The most common bacteria in pyometra is Escherichia coli, which is consistent with the rod-shaped appearance of the organisms that were seen on cytology in this case.3 Culture is necessary for confirmation, but in this case ancillary diagnostics were not performed.

The concurrent presence of malignant epithelial cells in the fluid most likely occurred from exfoliation of neoplastic cells from the ovarian mass. In an attempt to rule in the diagnosis of ovarian carcinoma, the peritoneal fluid of this patient was screened for mutations in the B-raf (BRAF) proto-oncogene, as BRAF mutations have been detected in some human ovarian carcinomas.6,7 No mutations in the BRAF gene were detected in the peritoneal fluid of this patient; however, this does not rule out the diagnosis of ovarian neoplasia.7 One study8 found that cytologically evaluating effusions in dogs with these tumors has been found to be useful in diagnosing epithelial neoplasia, as seen in this case, although biopsy with histopathology is necessary for definitive characterization.811 Due to poor prognosis, the dog was euthanized, but the owner declined an autopsy.

Canine ovarian tumors are uncommon and represent only 1.04% of all tumors in dogs.10 Ovarian neoplasia occurs in intact bitches, in bitches that have undergone ovary-sparing hysterectomies, and in bitches with ovarian remnants present.12 Ovarian tumors are most common in older animals, except for teratomas, which are more common in young animals.5 Primary canine ovarian tumors include papillary adenocarcinoma, papillary adenoma, granulosa cell tumor, dysgerminoma, luteoma, and teratoma; of these tumors, papillary adenocarcinomas, adenomas, and granulosa cell tumors are most common.5,6,10,12 Cytologically, the cells seen in the peritoneal fluid were most consistent with ovarian papillary adenocarcinoma given the papillary (long, often branching) clustering of the neoplastic epithelial cells.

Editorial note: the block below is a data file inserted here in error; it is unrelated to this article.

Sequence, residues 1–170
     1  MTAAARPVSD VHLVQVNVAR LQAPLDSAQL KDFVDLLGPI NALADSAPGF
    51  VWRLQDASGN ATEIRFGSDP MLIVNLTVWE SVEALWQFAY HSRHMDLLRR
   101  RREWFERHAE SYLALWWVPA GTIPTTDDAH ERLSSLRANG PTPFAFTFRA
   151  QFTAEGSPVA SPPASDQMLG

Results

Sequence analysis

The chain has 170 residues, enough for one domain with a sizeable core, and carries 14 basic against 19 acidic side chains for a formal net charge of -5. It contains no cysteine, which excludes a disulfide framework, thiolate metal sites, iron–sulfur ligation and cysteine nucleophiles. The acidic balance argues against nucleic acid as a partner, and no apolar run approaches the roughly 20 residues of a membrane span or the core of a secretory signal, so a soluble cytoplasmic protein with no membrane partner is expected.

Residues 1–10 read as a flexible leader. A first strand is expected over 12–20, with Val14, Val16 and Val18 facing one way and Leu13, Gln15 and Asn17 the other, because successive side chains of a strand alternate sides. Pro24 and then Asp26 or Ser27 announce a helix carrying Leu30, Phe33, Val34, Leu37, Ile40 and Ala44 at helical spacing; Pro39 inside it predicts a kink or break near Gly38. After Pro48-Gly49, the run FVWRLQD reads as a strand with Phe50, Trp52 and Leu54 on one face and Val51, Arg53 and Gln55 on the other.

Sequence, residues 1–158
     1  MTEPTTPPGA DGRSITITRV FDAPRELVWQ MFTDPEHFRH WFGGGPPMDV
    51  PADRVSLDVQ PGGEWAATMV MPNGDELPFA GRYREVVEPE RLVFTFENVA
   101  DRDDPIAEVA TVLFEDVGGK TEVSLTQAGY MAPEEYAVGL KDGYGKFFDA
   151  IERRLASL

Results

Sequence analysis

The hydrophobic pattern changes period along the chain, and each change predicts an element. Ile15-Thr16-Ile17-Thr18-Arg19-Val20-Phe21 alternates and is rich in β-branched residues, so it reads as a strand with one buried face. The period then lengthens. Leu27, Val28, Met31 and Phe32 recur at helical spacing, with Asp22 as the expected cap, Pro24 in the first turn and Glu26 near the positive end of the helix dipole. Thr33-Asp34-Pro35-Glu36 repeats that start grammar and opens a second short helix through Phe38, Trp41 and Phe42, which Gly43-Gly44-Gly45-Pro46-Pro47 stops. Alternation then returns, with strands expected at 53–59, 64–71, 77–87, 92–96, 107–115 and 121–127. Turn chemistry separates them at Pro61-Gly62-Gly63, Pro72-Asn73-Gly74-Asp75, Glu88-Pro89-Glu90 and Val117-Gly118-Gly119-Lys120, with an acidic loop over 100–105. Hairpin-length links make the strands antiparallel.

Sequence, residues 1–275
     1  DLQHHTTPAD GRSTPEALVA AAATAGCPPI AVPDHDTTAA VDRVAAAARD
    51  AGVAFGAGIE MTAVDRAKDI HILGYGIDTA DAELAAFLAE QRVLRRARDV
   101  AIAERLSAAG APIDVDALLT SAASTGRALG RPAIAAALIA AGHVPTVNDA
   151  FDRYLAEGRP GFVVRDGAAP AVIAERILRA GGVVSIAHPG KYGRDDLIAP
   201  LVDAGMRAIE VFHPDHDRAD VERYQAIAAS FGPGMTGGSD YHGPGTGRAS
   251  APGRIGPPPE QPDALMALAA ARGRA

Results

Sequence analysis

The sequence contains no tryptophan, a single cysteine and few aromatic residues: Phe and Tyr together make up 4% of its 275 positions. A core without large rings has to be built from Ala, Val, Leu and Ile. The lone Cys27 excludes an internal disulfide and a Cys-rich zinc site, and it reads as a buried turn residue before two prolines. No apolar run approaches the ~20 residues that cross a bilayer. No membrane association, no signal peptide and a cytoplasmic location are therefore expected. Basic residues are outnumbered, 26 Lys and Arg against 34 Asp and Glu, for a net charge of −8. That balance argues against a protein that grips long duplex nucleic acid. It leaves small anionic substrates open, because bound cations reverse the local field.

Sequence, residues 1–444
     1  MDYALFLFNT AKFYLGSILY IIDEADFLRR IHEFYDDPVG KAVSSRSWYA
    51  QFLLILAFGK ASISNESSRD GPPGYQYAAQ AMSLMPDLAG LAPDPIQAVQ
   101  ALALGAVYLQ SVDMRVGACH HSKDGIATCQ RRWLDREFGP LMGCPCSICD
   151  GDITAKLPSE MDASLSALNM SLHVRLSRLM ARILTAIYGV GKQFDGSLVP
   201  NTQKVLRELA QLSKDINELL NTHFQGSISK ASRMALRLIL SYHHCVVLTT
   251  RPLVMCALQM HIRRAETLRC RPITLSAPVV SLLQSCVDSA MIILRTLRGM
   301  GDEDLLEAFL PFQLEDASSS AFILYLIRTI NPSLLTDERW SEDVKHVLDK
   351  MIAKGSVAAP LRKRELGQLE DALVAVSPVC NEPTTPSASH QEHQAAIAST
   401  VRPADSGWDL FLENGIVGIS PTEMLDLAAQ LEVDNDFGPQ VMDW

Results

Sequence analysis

Papillary adenocarcinomas arise from the surface epithelium of ovaries that extends into the ovarian cortex and are often bilateral in dogs.11 One study5 found that 48% of dogs with papillary adenocarcinoma had metastasis at diagnosis, and these tumors are frequently detected after the development of effusion.5,1113 Treatment is typically surgical.5,1416 At least 2 instances of intraperitoneal chemotherapy for metastatic ovarian papillary adenocarcinoma have been reported in the dog.15,16

In the present case, neither the presence of a septic exudate nor malignant cells was unexpected based on clinical and imaging findings. Careful cytologic assessment of the peritoneal fluid sample allowed confirmation of a septic process, as well as the presence of malignant epithelial cells. This is of additional importance given that epithelial ovarian tumors carry a different prognosis than other ovarian tumor types, such as germ cell tumors.12 Ultimately, these findings contributed to the poor prognosis and the owner’s decision for humane euthanasia. This case is an example of how thorough evaluation of cytology samples can help the clinician to make the best diagnosis, offer the most realistic prognosis, and institute the most appropriate treatment.

References